So, I was trying to access ‘bill pay’ for the first time, when you have to enter various infos (European spelling of the plural of ‘info’), lie and click “I have read the terms and conditions and agree to them”, and then you are supposed to be transported to the working bill pay application. Not on my machine. I got caught in an endless loop, sending me back to the initial bank login screen. Call to the bank: ‘We don’t support the Firefox browser version you are using. That’s the problem. We recommend you switch to Internet Explorer.’

    Well I ain’t gonna use IE, because just the week before all this began, a huge security hole was found, typical of IE, and even Microsoft implied that using another browser was safer, until they fix the flaw.

    Very, very busy time for me, so I abandoned tackling the problem and did a wire transfer from my account to the account of the kid needing money, at some significant expense to me. Which then got screwed up by my bank, as they accidentally transferred the amount twice in the same day. Wire transfers are the same as using a debit card (don’t use debit cards when not absolutely necessary): the transaction cannot be easily disputed, and getting the money back relies entirely on the receiving party being honest, and then going to the effort and expense on their part to return it. So my kid got twice what I intended, as the bank could not recall the second transaction. Since I promised to keep the 2 kids even in my financial beneficence to them — ugh! I do not even want to think how that affects my own account balance and budgeting. Good thing I only had 2 kids. The 5 stepson has, would send me into receivership.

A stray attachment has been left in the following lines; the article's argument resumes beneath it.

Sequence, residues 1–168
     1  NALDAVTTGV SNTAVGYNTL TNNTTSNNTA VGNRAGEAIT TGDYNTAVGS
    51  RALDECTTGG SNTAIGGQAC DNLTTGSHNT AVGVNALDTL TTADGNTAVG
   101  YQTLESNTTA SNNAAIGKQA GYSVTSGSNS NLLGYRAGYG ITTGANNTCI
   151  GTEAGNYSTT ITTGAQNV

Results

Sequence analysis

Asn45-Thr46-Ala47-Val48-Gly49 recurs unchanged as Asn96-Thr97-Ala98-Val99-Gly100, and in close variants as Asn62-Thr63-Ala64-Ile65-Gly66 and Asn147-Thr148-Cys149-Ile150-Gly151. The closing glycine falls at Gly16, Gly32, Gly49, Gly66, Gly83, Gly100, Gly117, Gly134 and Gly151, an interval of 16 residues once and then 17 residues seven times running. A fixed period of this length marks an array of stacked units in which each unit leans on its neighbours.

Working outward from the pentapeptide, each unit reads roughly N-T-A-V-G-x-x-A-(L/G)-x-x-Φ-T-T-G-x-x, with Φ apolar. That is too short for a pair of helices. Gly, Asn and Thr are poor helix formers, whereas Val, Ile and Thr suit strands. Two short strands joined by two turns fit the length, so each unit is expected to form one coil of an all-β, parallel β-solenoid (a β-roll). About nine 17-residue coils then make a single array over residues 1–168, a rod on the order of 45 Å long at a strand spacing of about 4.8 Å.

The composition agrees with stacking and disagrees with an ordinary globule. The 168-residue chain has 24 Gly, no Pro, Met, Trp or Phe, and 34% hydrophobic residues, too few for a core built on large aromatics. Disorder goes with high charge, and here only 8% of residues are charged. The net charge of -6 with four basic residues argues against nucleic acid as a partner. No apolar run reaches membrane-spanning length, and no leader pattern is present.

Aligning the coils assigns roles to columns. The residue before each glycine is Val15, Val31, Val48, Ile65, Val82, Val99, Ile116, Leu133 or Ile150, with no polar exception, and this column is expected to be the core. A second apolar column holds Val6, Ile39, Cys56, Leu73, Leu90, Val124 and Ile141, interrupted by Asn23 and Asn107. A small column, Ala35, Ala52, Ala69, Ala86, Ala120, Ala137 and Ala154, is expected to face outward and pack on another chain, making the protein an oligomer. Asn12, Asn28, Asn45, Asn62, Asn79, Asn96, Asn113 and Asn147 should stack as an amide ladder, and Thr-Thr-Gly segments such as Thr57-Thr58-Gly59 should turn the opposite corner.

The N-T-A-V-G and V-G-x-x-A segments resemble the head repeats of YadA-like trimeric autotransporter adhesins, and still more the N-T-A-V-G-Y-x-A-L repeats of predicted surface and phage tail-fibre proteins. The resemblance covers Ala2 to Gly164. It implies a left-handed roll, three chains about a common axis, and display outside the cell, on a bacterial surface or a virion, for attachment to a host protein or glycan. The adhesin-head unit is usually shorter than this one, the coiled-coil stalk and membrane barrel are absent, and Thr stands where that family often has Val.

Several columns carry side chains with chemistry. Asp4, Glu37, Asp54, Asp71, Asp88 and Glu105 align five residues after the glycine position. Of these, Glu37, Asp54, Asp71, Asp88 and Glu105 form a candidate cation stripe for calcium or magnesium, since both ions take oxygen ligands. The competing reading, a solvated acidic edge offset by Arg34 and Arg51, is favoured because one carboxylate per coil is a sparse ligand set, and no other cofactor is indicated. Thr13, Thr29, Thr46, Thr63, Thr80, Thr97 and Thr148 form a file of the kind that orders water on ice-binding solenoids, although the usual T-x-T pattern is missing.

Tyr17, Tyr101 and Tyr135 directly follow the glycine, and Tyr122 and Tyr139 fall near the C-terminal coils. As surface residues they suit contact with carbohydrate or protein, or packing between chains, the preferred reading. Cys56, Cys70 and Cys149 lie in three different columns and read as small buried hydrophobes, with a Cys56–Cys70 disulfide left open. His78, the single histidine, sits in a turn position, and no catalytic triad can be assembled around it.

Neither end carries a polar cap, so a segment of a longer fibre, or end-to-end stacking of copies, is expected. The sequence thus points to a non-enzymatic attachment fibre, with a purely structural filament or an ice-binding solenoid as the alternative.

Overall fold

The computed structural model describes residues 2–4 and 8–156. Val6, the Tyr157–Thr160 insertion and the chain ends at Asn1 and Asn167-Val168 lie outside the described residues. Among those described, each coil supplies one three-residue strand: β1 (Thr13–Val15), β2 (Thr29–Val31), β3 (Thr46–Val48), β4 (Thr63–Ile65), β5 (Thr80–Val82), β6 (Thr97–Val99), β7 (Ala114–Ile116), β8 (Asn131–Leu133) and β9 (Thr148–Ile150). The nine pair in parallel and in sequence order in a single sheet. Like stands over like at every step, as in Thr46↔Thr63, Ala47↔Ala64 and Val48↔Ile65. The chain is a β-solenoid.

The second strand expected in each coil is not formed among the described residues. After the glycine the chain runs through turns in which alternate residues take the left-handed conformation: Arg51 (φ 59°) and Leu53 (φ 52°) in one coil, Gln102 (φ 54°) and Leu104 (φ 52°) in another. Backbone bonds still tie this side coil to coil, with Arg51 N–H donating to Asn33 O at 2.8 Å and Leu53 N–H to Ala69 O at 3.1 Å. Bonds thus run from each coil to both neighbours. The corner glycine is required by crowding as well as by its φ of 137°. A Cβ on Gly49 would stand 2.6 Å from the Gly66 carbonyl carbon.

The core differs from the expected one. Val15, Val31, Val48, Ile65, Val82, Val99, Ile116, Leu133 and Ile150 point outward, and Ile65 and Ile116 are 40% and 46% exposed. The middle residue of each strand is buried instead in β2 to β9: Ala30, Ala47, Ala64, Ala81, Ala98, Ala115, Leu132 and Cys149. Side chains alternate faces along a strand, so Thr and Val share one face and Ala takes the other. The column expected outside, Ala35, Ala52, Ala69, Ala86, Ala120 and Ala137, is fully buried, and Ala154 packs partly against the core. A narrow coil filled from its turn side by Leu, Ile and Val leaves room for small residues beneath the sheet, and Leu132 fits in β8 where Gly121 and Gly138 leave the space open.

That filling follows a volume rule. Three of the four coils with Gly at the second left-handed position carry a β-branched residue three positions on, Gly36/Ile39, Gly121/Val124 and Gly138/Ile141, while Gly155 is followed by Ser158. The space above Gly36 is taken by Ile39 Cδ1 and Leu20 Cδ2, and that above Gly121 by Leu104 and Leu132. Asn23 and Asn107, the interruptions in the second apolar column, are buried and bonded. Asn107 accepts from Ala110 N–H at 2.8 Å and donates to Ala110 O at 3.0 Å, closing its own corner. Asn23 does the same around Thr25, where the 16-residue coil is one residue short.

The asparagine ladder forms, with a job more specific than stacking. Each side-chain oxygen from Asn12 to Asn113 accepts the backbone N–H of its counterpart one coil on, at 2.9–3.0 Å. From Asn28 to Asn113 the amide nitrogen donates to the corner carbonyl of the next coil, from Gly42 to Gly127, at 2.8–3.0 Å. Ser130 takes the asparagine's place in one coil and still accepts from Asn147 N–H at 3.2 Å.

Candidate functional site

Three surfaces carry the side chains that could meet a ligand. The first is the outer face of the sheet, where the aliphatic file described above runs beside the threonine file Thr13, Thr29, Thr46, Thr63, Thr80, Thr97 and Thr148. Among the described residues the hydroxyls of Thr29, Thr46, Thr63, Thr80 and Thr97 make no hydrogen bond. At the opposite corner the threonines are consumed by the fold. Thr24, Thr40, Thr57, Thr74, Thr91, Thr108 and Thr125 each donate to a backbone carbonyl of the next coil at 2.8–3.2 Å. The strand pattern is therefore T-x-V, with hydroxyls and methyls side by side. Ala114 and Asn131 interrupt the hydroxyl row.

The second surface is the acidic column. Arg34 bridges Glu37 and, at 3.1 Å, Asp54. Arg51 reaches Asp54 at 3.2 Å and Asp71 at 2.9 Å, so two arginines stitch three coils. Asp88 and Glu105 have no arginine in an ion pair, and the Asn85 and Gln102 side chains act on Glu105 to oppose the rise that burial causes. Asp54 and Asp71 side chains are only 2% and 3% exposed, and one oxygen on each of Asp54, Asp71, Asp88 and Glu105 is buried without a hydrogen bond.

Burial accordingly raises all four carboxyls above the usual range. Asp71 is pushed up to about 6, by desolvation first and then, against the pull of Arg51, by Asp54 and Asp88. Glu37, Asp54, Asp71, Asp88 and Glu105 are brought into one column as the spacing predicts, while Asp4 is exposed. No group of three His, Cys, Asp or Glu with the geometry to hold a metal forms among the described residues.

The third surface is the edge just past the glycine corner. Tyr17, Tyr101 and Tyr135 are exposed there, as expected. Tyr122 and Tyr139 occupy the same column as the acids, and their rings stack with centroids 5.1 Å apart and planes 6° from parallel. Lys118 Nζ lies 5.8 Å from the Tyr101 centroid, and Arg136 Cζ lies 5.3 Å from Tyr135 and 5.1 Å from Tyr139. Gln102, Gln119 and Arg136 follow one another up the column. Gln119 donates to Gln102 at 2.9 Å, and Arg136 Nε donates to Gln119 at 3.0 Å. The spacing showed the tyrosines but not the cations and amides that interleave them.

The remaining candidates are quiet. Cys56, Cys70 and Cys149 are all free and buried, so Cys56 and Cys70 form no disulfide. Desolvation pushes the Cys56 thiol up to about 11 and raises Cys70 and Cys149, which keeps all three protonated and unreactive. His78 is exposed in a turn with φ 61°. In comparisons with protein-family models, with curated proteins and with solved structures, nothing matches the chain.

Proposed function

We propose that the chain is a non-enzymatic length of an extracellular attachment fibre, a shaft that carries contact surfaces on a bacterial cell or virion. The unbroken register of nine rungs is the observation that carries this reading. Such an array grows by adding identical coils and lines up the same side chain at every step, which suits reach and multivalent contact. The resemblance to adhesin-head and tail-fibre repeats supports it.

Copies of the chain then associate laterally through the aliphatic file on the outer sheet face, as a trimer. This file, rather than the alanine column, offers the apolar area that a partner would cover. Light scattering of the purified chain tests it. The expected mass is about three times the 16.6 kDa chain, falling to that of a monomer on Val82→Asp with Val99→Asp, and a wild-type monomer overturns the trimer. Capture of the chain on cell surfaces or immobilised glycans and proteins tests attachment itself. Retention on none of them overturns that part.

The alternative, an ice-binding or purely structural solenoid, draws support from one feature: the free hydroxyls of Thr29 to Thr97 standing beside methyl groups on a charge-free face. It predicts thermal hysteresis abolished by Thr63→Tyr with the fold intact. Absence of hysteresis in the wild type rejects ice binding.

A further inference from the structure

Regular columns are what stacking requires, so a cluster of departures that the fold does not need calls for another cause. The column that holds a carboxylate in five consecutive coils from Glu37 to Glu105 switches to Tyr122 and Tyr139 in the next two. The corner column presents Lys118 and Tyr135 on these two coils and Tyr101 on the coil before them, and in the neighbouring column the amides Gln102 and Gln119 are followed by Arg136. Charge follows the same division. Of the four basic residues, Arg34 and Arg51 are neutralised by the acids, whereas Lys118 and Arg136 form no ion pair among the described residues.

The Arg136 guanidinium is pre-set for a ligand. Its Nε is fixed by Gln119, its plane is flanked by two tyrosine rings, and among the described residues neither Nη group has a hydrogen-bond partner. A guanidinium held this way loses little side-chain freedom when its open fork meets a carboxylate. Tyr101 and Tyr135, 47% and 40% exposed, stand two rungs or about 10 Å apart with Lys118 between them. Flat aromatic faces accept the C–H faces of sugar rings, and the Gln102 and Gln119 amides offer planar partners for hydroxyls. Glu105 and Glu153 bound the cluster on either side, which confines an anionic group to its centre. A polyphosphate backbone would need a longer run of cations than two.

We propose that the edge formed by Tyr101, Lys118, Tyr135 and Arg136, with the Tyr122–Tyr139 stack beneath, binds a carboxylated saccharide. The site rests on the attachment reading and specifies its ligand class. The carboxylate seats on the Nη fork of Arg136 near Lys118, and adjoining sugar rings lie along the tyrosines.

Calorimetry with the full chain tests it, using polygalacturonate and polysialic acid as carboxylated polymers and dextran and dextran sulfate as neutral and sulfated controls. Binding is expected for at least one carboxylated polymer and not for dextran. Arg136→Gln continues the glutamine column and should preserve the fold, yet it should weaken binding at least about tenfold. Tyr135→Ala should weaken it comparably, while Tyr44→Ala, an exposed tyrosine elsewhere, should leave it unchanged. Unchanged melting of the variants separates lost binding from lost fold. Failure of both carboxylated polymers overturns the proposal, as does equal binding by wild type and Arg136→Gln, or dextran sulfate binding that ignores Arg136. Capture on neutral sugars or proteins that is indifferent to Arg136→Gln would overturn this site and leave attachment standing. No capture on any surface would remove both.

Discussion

Eventually (couple weeks later), I tried to access ‘bill pay’ on the Linux Mint laptop, that uses a version of Firefox which is not as up-to-date as my Windows installation and falls under my bank’s ‘supported browsers’ statement. It works. But at the step immediately before failing on the other computer, it shows me a dialog: “Firefox prevented this page from automatically redirecting to another website. Allow?”

    Click ‘allow’ and I am into bill pay. So I know it is the stupid bank, who is not motivated to deal with browser updates, falsely telling me that there is nothing they can do to help me. After researching the issue, an obscure single entry on the Mozillazine forum (which forum is NO LONGER supported or run by Mozilla, because they are not into helping users anymore) says that the cookie options are responsible for this behavior. Changing the following option — Tools > Options > Privacy > Accept third party cookies: [to] “From visited” — solves the problem. Somewhere along the line of updates (it appears around v27.x) Firefox changed that default option to “Never”. It is clear that your bank does not care about this, either. They are big enough and have enough money and clout that they only bother to make their sites compatible with IE and then their work is done — wash hands.